When nails are healthy, they are smooth, hard, pink and glossy. But numerous factors can cause a change in their thickness, colour and/or texture: the external stresses they are subjected to daily, natural ageing, nutritional deficiencies, health problems, etc.
Each day, our nails are subjected to numerous external stresses that lead to dehydration, such as repeated hand washing, bumps and knocks, cold and sun. Once they are dry, they become fragile and brittle.
Our nails also naturally become more fragile with age: beyond 60 years of age, their growth slows down and they often become dry, brittle and dull.
Diet also plays a major role in nail health: a deficiency in certain nutrients (protein, trace elements and vitamins) often results in soft, brittle, ridged, pale or yellow nails.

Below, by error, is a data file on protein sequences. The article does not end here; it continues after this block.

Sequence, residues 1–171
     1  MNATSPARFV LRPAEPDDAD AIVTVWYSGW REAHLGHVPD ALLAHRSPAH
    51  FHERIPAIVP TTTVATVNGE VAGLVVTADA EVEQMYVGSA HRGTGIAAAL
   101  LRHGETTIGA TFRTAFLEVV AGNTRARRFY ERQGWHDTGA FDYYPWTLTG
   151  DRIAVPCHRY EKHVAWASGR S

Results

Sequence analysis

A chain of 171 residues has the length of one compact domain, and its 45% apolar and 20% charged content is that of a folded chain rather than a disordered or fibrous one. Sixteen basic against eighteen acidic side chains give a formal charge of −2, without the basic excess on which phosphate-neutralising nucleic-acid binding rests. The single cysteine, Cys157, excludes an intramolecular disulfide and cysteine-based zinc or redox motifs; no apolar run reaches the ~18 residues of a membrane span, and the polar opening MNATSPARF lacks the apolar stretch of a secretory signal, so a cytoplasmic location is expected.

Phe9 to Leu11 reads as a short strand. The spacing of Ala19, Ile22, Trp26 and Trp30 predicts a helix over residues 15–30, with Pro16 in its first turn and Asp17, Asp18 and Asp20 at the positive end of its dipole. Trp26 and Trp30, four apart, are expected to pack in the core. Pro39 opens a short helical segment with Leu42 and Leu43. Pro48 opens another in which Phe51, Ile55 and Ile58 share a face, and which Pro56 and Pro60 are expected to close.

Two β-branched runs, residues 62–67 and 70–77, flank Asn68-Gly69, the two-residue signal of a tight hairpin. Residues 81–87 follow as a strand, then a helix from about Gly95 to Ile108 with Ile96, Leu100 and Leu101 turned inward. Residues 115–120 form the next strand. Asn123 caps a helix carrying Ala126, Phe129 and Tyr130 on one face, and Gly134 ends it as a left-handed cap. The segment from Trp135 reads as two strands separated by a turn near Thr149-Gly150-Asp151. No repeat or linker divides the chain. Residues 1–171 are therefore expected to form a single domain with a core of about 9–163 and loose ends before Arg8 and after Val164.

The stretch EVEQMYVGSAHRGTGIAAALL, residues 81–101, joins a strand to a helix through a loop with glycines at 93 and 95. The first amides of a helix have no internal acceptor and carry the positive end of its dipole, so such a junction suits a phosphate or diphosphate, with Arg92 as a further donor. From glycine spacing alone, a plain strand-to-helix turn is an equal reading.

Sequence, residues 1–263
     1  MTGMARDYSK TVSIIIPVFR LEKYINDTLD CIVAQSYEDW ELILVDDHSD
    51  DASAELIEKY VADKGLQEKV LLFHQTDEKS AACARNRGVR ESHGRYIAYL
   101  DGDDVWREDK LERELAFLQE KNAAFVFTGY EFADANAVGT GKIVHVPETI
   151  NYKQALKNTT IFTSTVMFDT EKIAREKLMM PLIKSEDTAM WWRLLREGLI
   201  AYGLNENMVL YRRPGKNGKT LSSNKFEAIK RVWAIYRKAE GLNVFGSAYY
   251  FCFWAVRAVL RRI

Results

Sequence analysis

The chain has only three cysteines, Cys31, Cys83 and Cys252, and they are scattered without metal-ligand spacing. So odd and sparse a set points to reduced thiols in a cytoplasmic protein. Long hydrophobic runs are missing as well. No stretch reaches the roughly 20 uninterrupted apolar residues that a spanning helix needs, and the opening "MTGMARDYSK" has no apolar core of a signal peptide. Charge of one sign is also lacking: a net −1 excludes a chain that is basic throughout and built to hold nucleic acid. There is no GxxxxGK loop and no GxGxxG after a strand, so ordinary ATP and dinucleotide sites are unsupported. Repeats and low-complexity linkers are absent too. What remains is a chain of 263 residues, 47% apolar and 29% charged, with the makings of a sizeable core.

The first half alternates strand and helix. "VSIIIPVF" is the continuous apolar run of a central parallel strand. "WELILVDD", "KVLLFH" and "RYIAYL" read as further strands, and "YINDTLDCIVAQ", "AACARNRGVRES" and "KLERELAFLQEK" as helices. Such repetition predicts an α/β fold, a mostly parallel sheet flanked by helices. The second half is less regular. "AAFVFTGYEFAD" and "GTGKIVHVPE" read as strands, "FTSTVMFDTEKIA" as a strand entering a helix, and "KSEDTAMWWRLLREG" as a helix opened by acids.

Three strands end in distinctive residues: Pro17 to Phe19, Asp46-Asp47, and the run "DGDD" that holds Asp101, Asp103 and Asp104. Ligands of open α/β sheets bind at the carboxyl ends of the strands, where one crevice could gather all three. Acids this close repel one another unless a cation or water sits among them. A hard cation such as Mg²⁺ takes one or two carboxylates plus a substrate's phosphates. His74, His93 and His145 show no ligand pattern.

Lastly, at any age, certain health problems can have repercussions on nails:
• Ridged nails can be due to hypothyroidism or anaemia.
• Pale or blue-tinged nails are sometimes a sign of poor circulation.
• Brittle, soft or splitting nails are often a sign of nutritional deficiencies or hormonal problems.
• Yellow nails can be due to smoking cigarettes or using coloured nail varnish, but they can also be caused by hyperglycaemia or certain treatments, including chemotherapy.
• Yellowish-white patches, particularly on the big toe, can be a sign of a fungal nail infection. In this case, the nail thickens and becomes friable, and its colour progressively changes: it gradually turns brown, green or yellow. See a skin specialist if you notice one of these signs.
• A dark stain or line on a nail is most often a sign of a bruise caused by an impact, but it can also signal a melanoma, and as such you should quickly see a skin specialist.
On the other hand, contrary to popular belief, the small white spots that sometimes appear on nails are not a sign of a calcium deficiency. Actually, they are usually caused by bumping the nail.